Were the Chinese Strong in the Old Days?

I recently received this comment from Steven Smith in the comments section of this post:
Internal artists of lore could disregard muscle development and muscular force. They lived lives that used their bodies; they worked. These days, much of the supposed “work” fails to utilize our bodies in integrated ways, so we must strengthen ourselves so we can experience weakness.

The comment sounds reasonable, but is it true?

There is little doubt that people in the various forms of the Chinese military were required to be strong, they trained to develop that strength.  However, Chinese culture has always had people who did not work at all and people who did not work doing hard labor.  Martial arts were sometimes practiced by scholars and wealthy women.

Farmers and artisans certainly needed some strength to do their work well.  Generally they developed that strength early, in their teens, and kept it until they were too weak to work.  There is no reason to believe they had any more strength than they used on a regular basis.  A black smith, for instance, had five different sizes of hammers.  Once he could wield them he had no need for strength development.

Was there an historical China where people were as obsessed with exercise as Americans are today?  I don't know.  From my visits to China it appears that most older people do go to a park to exercise daily, but the same is not true for younger people.  Most working aged Chinese are not getting as much exercises as Americans.

I would like to think that in the past there was another era in which all of China did some kind of proto-gongfu-dance-devotion-thing.  I would like to think that every Chinese village, every "Big Family," had a style of gongfu that at least some of its members practiced.  I suspect that the percentage of people in each "Big Family" learning gongfu has risen and fallen from era to era.    I would like to think this, but I haven't seen good historical evidence and as far as I know archeology on the subject is sparse.  (Archeology could settle this issue definitively because one can tell very acurately what kind of training someone was doing by looking at their bones.)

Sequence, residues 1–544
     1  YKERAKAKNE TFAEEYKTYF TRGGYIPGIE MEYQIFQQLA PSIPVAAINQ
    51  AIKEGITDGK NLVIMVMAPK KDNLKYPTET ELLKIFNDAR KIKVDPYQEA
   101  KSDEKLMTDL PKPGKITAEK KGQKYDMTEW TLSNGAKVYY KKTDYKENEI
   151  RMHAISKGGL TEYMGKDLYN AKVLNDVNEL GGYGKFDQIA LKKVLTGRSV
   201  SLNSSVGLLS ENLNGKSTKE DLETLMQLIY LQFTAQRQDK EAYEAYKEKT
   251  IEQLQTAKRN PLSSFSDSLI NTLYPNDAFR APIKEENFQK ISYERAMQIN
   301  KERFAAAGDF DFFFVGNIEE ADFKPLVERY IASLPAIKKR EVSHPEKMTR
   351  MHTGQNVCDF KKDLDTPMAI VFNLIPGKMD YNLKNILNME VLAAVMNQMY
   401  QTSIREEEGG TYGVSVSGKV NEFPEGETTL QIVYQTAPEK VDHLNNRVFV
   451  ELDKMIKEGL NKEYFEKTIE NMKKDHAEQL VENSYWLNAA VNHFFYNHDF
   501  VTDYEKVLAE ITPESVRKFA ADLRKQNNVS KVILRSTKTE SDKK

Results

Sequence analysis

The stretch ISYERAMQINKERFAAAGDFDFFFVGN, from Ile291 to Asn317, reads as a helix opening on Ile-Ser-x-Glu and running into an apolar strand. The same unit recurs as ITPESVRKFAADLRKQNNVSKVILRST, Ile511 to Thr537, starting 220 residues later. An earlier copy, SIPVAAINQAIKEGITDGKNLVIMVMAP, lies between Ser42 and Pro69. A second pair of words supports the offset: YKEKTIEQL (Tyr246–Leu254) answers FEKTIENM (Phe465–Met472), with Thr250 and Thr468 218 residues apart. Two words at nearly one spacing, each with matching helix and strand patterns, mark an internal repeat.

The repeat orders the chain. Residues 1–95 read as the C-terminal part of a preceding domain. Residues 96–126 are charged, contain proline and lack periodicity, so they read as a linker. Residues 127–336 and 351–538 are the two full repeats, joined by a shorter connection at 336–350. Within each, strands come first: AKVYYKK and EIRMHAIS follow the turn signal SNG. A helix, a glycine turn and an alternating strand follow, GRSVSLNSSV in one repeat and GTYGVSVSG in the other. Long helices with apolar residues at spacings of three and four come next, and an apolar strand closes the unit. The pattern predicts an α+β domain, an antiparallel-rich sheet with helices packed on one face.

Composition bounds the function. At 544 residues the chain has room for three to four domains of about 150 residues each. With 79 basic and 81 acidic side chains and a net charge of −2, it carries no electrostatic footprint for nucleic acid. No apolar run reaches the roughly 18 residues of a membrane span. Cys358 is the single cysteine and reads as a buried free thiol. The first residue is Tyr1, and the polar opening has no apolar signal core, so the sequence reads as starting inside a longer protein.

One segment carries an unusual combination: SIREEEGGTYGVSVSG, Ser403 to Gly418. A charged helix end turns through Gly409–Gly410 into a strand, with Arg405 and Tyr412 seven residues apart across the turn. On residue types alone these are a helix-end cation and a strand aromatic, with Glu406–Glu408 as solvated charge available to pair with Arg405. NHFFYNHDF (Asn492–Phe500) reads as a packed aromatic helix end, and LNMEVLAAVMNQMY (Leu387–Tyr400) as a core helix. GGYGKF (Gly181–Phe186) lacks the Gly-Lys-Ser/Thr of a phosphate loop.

But all of this is a side issue to the central question:  Did Internal Martial Artists of the past intend to say we should reject muscular force and muscular training even if we already have sedentary lifestyles?

Daodejing Daodejing

I think they did indeed intent to dissuade us from cultivating strength.   The Daodejing is rather unequivocal about this.  It posits that when people are afraid for their survival they will try to accumulate a type of power which is both strong and insensitive.  When people are possessed of desire, they will seek to sharpen their skills and hone their abilities.  Such an approach is qi expensive.  Such an approach wastes qi and jing, leaving us less able to adapt to the situation as it is.  Leaving us rigid, full and hard--at death's door.

In that sense, it is not a rejection of strength itself, it is a rejection of the idea that we will need strength at some point in the future.

Chinese heroic archetypes include the strong, the smart and the skillful.  All three are regarded by Daoist Orthodoxy as shortcuts to death.  All three invite possession by demonic forces.  All three are forms of power that if left unchecked, may some day require an exorcism.

The Daoist idea that someone might cultivate a body which is neither strong, not smart, nor skillful is among the likely roots of the Internal Martial Arts.  I guess I could have called my blog "Dumbness with a Twist."